Wisconsin Legislature Acts to Limit Recovery of Attorney’s Fees

Blog post by Anna M. Pepelnjak

Like a number of other so-called “fee-shifting” statutes, the Wisconsin Fair Employment Act enables a successful complainant to recover his/her actual attorneys’ fees. The availability of attorneys’ fees sometimes makes settling these cases problematic, because the fees can far exceed the recovery owed to the employee.

Under a bill recently passed by the Wisconsin State Senate and scheduled for a vote by the Wisconsin Assembly, attorney fees would be presumptively capped at three times the amount of compensatory damages, unless a Court orders otherwise. In order to overcome the presumption, the Court must address the following factors:

  1. The time and labor required by the attorney.
  2. The novelty and difficulty of the questions involved in the action.
  3. The skill requisite to perform the legal service properly.
  4. The likelihood that the acceptance of the particular case precluded other employment by the attorney.
  5. The fee customarily charged in the locality for similar legal services.
  6. The amount of damages involved in the action.
  7. The results obtained in the action.
  8. The time limitations imposed by the client or by the circumstances of the action.
  9. The nature and length of the attorney’s professional relationship with his or her client.
  10. The experience, reputation, and ability of the attorney.
  11. Whether the fee is fixed or contingent.
  12. The complexity of the case.
  13. Awards of costs and fees in similar cases.
  14. The legitimacy or strength of any defenses or affirmative defenses asserted in the action.
  15. Other factors the court deems important or necessary to consider under the circumstances of the case.

In a recent posting on the issue, State Bar of Wisconsin Government Relations Coordinator Adam Korbitz pointed out,

“…the bill will have unintended, adverse consequences for Wisconsin’s business community — on whose behalf the legislation was offered — by creating uncertainty and ambiguity in the law where none currently exists.

The new limits imposed by the bill may impact as many as 280 statutes and administrative rules, including many that are frequently brought by Wisconsin businesses against those who have violated the law. These statutes also are frequently used to successfully defend against frivolous claims brought against an innocent party by someone who has actually violated the law.”

Evidently, the proponents of this legislation decided that the benefits of capping attorney fee recovery in employment and consumer cases outweighed the risk of prolonged litigation and/or the inability for members of the business community to recover fees in appropriate cases. Because this legislation is expected to be passed and signed into law soon, we won’t have to wait long for both negative and positive repercussions to occur.

Budget Cuts for the IRS … Good or Bad?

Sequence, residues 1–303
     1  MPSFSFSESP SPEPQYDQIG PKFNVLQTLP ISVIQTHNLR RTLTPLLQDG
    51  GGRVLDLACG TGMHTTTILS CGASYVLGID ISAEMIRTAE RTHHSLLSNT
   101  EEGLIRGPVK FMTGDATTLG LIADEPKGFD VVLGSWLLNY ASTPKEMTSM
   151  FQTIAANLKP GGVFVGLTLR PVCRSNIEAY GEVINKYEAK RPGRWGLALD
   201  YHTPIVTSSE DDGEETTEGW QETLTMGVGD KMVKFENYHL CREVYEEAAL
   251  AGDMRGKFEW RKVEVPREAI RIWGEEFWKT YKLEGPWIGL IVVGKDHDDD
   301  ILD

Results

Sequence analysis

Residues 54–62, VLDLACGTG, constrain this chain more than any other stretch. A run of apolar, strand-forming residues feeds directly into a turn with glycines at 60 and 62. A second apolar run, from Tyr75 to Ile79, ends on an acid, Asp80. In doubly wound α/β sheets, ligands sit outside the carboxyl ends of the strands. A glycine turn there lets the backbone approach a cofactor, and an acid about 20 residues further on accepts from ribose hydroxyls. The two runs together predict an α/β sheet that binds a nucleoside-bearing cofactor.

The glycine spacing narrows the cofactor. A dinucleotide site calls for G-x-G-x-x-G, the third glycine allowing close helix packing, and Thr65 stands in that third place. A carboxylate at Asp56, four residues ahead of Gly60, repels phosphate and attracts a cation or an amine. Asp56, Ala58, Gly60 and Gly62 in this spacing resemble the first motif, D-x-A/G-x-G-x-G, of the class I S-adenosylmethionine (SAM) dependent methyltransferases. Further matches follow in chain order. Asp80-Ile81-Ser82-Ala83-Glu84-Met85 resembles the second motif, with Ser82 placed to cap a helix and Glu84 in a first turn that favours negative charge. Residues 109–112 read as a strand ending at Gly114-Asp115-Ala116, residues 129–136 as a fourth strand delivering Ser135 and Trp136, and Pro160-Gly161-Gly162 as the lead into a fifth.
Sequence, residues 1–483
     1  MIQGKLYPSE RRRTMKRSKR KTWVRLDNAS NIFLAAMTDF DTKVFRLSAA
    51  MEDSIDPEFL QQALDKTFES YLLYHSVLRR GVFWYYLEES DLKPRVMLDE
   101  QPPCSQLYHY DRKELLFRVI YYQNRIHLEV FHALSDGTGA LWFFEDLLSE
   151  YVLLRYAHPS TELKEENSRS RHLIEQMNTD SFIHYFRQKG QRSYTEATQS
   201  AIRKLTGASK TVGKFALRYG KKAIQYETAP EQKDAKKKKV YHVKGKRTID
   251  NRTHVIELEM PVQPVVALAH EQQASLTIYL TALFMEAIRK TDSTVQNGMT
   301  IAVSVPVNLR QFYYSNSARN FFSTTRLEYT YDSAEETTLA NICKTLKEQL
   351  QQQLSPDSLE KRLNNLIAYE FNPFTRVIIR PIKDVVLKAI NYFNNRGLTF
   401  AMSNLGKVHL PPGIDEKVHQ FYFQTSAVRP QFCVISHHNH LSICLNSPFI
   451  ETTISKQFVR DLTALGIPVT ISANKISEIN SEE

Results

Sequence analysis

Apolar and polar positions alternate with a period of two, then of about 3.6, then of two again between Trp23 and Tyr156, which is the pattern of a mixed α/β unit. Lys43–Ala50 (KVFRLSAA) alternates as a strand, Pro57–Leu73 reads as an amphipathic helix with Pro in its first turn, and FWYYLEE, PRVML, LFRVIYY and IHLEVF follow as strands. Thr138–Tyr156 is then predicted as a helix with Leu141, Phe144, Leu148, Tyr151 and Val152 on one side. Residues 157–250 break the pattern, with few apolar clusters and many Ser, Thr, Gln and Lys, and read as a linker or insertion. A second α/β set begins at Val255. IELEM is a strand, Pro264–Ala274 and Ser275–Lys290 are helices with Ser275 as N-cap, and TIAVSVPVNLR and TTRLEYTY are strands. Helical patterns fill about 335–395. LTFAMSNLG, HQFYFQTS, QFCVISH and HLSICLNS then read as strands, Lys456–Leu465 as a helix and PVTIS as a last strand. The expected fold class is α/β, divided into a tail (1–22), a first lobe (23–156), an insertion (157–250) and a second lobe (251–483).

Blog post by Robert Teuber

Recently, the Commissioner of Internal Revenue sent letters to the chairs of the House Ways and Means committee and the Senate Finance committee warning legislators of the impact of proposed IRS budget cuts. Current bills being circulated in Congress would cut $650 million (House bill) or $525 million (Senate bill) from the IRS budget. The Commissioner argues that budget cuts of this size would have a significant impact on the enforcement of the tax laws and the services provided by the IRS.

The letter explains that the IRS is a revenue generating agency that brings in approximately $2.5 trillion per year. In collecting this revenue, the IRS expenditures consist largely of labor costs (i.e. auditors and collection agents). By making substantial cuts to the IRS budget, the Commissioner projects that the staffing levels will have to decline resulting in a drop in revenue of $4 billion annually and that audits and collection activities would drop by 5-8%.

Fewer audits? Fewer collection activities? Sounds like a good thing right? Not necessarily.

The problem is that the budget cuts will reduce staffing levels. The IRS will be forced to do more with less. The files stacked on an auditor’s desk will grow taller and it will take longer to have the issues in a case addressed. Once the case is being considered, the IRS employee will have less time to deal with the matter. This means that employees assigned to a case will not have either the ability to act as quickly as a situation may require or the time needed to fully investigate the issues of a case. As a result, those clients that get caught up in audit and collection activities will likely find it more difficult to resolve their cases expediently or favorably.

Tax practitioners are already seeing increased delays in the processing time of seemingly straight forward adjustments, corrections to accounts, compromises or lien and levy releases. Budget cuts that require a significant reduction to staffing levels will only serve to increase the delays. Spending cuts are generally agreed to be necessary, however, cuts made to the IRS budget should be carefully balanced against both revenue generation and the ability of taxpayers to effectively address existing tax issues.


The comments and opinions expressed in this blog are intended for informational purposes only and do not constitute legal advice. Reading or using the information in this blog does not create the existence of an attorney-client privilege. Due to the changing nature of the law, the blog posts may contain dated material. For an update on the current law and the application of the law to your particular facts and circumstances, consult a legal advisor. The information contained herein is not a substitute for obtaining legal advice from a qualified attorney licensed in your state.